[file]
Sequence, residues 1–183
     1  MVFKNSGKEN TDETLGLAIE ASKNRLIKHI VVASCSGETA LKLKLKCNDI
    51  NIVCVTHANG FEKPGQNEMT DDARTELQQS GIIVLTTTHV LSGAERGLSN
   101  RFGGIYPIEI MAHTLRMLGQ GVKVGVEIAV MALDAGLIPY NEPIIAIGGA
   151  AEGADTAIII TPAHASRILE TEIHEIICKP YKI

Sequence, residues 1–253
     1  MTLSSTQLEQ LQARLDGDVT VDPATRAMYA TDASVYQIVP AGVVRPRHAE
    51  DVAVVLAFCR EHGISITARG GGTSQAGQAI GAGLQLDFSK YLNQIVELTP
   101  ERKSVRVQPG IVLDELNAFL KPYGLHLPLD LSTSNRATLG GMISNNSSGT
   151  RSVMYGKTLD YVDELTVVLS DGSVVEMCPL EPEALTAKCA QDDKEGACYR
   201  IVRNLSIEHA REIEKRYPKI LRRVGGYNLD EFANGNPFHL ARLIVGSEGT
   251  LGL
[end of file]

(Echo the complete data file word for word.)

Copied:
Sequence, residues 1–183
     1  MVFKNSGKEN TDETLGLAIE ASKNRLIKHI VVASCSGETA LKLKLKCNDI
    51  NIVCVTHANG FEKPGQNEMT DDARTELQQS GIIVLTTTHV LSGAERGLSN
   101  RFGGIYPIEI MAHTLRMLGQ GVKVGVEIAV MALDAGLIPY NEPIIAIGGA
   151  AEGADTAIII TPAHASRILE TEIHEIICKP YKI

Sequence, residues 1–253
     1  MTLSSTQLEQ LQARLDGDVT VDPATRAMYA TDASVYQIVP AGVVRPRHAE
    51  DVAVVLAFCR EHGISITARG GGTSQAGQAI GAGLQLDFSK YLNQIVELTP
   101  ERKSVRVQPG IVLDELNAFL KPYGLHLPLD LSTSNRATLG GMISNNSSGT
   151  RSVMYGKTLD YVDELTVVLS DGSVVEMCPL EPEALTAKCA QDDKEGACYR
   201  IVRNLSIEHA REIEKRYPKI LRRVGGYNLD EFANGNPFHL ARLIVGSEGT
   251  LGL